Escape was unreal to me, but necessary. I couldn’t imagine what England would be like: it was inevitable but impossible to grasp. I fell into a rut, thinking I would always feel and be this way, and there was no way out. Even though I had a clear plan ahead of me, I feared coming back after a year abroad to this life. Wouldn’t I just be stepping backwards? Wouldn’t it all start again? I wanted something completely new. A winning lottery ticket that would make me independent. A kind man who would take me out of this job and somewhere safe and clean. Where were my parents in all of this? We had dinner together when I wasn’t working, and then I drifted up to the third floor where my room was located and lay on the big bed, reading, listening to the musicals that were the basis for my fantasies of escape.
I would take walks on my lunch, anything to just get away from the fluorescent lights and dog odor and crushing depression. I ate on a patch of grass beside the library, under the shade of a tree. One day I had forgotten a fork, and I stopped into a cafe to grab one. There was a man sitting in the window, a grizzled, older man with piercing blue eyes. For a moment, his gaze met mine. I got my fork and left.
Later on, back at the pet store, he came in. He approached me and asked where to find the cat food. We talked for a bit, flirted, and he asked me to come over for a glass of wine after my shift. He looked like ET, but I loved the way he spoke, the way he looked at me. I also figured out a way to break it off with Carlos.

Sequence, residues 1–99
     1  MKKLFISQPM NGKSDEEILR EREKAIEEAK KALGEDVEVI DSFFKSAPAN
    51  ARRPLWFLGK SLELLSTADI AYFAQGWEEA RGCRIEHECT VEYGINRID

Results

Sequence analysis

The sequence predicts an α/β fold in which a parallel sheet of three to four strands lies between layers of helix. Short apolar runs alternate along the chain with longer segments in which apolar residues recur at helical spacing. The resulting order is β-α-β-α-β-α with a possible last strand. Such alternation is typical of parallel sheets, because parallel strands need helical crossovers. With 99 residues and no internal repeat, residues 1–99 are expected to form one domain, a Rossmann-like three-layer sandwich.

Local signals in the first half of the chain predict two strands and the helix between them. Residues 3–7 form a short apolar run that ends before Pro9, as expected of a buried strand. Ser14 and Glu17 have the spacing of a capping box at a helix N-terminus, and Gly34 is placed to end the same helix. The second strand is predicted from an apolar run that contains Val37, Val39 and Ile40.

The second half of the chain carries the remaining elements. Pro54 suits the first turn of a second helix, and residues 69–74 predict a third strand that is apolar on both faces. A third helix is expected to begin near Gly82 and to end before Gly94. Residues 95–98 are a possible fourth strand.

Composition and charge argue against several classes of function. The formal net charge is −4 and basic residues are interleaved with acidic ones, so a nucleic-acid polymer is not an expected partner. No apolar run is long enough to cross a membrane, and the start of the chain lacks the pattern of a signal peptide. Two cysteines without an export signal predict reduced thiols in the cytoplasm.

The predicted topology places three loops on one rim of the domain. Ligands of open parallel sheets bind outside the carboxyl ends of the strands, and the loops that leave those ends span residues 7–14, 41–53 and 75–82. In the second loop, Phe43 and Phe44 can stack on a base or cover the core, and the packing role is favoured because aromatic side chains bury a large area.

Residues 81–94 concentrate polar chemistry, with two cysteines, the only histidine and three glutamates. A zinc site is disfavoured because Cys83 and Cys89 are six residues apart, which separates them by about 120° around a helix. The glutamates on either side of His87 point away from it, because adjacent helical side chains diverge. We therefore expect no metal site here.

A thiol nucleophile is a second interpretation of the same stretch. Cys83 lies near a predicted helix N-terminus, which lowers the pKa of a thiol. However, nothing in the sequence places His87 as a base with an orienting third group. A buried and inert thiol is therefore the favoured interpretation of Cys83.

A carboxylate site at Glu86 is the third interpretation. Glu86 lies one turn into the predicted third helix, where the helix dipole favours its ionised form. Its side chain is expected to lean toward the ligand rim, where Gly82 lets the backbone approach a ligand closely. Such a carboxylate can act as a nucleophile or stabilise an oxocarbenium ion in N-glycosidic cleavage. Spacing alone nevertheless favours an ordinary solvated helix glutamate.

The man, a professor in English, told me later that he had planned to just hook up with me and that would be it, but I arrested him with a casual Mrs. Dalloway quote. We started our own affair. He was prickly, and rarely straightforwardly kind. His nicknames for me were all unprintable. He gave me beautiful books, we had great sex, I loved his tabby cat Habibi. We would sit on his porch, drinking Old Fashioneds, he would smoke cigarettes he kept in the freezer, and we’d laugh about my bosses. His humor was nasty.